And they didn't even reached their funding goal for "py3k in pypy" . This is dedication. I encourage everyone to fund this extremely incredible project!
I donated a while back, will make another donation soon.
I would like to start using this immediately but I think I'll have to wait until a 3.3 release for "yield from".
In theory, shouldn't CFFI be the foundation of the solution to that problem?
What purpose would that serve?
> Being able to just slightly performance sensitive code in python is a huge win.
I think you slightly this phrase, but aside from that pypy does not work for everybody and everything (e.g. at best it's no slower for sphinx, it really doesn't like the way docutils works). It's not like pypy's a magic wand.
If PyPy became the official/canonical implementation, PyPy would receive more attention and third-party library compatibility would be a requirement. Complaints about Python's slowness would be somewhat less relevant, and Python might see wider adoption. The RPython toolchain would receive more attention and that could be useful to other languages. There are plenty of reasons, but PyPy is usually a free speedup for your Python application. Who's going to complain about that?
> pypy does not work for everybody and everything
True, but as the official implementation of Python, compatibility with PyPy would then be a must, and this situation would be greatly improved.
GvR has done enough damage to Python with Python3. I don't intend to encourage him to do make any more changes. Us Python web developers are better off using what we have (non reference implementations, which don't hurt anyone), or just use Node.js.
The groundwork is done, and I think everyone who is going to support Py 3 without any extra prodding has already done so. Now we need the distros to come through and give that extra nudge to the maintainers that are still slacking, or encourage people to replace those libraries that refuse to update.
For my PyCon Russia talk, I pulled down the data for all 44,402 packages (as of May 31). 13.5% of all packages on PyPI support some version of Python 3. 75.5% of the top 200 packages by download count claim to support some Python 3 version (according to their setup.py classifiers). Additionally, 64% of the top 500 support some Python 3 version.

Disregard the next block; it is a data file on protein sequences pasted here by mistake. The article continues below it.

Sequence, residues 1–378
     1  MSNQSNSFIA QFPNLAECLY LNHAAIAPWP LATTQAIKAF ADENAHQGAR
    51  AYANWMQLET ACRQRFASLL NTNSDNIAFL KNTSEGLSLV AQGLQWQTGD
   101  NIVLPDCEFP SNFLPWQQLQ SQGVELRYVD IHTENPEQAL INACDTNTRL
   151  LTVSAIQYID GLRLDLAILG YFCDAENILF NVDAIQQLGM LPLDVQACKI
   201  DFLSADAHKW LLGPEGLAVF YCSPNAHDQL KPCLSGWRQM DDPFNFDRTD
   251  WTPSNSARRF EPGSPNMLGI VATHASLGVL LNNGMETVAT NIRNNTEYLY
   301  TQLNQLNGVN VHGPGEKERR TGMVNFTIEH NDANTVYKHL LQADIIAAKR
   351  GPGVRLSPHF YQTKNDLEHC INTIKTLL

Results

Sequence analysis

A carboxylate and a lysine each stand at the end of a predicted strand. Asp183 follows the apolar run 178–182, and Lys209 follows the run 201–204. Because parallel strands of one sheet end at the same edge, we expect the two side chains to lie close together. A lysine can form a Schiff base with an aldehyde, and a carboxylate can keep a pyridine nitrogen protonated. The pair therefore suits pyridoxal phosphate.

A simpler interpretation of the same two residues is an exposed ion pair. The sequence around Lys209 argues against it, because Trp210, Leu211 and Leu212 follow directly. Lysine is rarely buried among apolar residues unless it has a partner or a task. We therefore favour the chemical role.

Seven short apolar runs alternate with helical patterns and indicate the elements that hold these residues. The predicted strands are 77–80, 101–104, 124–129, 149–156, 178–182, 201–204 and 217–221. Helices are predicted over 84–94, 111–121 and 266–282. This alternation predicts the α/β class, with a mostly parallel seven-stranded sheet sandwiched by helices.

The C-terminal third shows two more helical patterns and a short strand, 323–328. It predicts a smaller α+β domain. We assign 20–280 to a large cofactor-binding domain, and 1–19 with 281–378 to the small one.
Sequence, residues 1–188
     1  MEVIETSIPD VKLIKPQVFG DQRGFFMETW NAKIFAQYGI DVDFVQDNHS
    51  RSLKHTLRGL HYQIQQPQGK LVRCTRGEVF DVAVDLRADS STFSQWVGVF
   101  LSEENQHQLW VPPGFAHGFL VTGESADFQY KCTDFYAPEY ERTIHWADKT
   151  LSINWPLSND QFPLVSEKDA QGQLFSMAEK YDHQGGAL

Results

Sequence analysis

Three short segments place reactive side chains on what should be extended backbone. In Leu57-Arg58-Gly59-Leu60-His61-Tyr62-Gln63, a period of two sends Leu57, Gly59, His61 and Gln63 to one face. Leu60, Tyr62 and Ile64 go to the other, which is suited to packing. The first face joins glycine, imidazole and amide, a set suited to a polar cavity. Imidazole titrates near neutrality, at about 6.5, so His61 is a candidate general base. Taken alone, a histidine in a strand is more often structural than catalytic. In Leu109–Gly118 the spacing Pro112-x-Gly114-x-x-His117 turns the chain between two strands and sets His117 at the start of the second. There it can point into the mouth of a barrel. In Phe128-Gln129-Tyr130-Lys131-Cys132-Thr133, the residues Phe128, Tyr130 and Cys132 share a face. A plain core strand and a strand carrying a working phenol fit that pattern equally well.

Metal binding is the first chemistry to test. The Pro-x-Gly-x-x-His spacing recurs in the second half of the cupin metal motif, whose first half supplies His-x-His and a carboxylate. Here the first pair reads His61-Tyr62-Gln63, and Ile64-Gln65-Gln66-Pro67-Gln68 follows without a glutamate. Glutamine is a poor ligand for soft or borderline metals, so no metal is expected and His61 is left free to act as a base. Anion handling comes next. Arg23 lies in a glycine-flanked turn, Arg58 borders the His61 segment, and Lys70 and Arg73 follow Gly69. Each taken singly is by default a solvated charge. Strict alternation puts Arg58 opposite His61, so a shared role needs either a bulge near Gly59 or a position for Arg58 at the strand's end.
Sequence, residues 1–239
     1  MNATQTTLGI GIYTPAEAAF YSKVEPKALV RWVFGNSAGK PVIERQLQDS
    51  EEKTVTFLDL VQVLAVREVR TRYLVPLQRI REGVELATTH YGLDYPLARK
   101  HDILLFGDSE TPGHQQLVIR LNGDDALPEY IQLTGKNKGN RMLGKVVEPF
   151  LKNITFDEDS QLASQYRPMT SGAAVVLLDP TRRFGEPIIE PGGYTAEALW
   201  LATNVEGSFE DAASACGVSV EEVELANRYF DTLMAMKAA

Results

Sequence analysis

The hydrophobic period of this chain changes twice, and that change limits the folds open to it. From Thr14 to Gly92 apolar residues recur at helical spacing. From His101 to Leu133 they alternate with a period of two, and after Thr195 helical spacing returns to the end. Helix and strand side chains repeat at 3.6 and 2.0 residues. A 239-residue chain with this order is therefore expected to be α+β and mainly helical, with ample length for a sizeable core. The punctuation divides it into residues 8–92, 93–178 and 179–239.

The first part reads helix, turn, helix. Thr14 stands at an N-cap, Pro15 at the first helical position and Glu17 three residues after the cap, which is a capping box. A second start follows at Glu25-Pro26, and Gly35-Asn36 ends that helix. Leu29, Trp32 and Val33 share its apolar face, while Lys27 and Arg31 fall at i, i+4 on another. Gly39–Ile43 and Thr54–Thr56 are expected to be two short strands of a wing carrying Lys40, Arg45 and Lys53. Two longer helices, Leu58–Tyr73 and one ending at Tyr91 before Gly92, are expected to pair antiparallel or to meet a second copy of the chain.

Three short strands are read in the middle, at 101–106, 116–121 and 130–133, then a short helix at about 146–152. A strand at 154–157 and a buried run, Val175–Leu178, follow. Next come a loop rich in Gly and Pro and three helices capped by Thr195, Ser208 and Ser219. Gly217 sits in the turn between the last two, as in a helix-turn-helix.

Another interesting thing I saw was that of those 44K packages, 44% of them have seen a release within the last 12 months (representing 82% of the last month's download share), and 22% of those packages released in the last year support some version of Python 3.
Seriously, it takes more than 4gigs to build PyPy? Is that also necessary for other platforms besides OpenBSD?
When you're compiling PyPy, it basically has to load the entire Python interpreter structure into memory so it can do its various analyses and annotations, so compiling PyPy takes a long time. I think for a while it was excluded from certain Linux distros because their package-build-farm machines wouldn't handle it.
Pypy is written in RPython, a subset of the python language. When it's 'compiled', the pypy RPython code runs in cpython or pypy, to re-compile the pypy source into C code, to generate a binary. Lots of tuning and such occurs at the same time, so the JIT runs well on the target machine. This is why it takes a long while, and lots of memory.
The build also prints a fractal while compiling. http://pypy.readthedocs.org/en/latest/faq.html#why-does-pypy...
Edit: also, looking at your comments[3E] it looks like surely you know this (sorry) so I'm now really not sure what you're getting at... :P
: and even with PAE you still need to split into multiple processes/address spaces to do anything useful
32 bit is dead except for ARM, and it will be dead on ARM in 4 years.
Uh... sure? ... but the parent post was about how building for 32 bit _today_ simply does not work and will not work.
Whilst it's not necessarily best to build for technology almost gone, there definitely will continue to exist 32 bit devices that people would expect to run Python on for quite a number of years yet - today's 32 bit ARM chips aren't going anywhere awhile and not every form factor (say non-desktop) is well suited to a 64+-bit architecture. :/
I haven't run a 32 bit desktop or server system since 2004. 32 bit is quite dead. In 4 years, only the cheapest ARM SoCs will be 32 bits. In embedded devices, yes 32 bits will be around for a great long while.
Although I must say, numpypy is quite usable already!
(this lets you compare the performance on a real Linux system, without installing anything)
PyPy aims to be (and is in many cases) faster than CPython.
The advantage with Jython isn't a performance one: it's the ability to call Java code directly.
Ruby also has a GIL.
MRI has a GIL; major alternative implementations (JRuby, Rubinius) do not.
OTOH, addressing the downsides of a GIL are not the only reasonable motivations for an alternative implementation, so there's no reason that a better-than-stock Python (or Ruby) fundamentally must remove the GIL (the current "MRI" used to be an alternative, YARV, to the old MRI, and both had GILs.)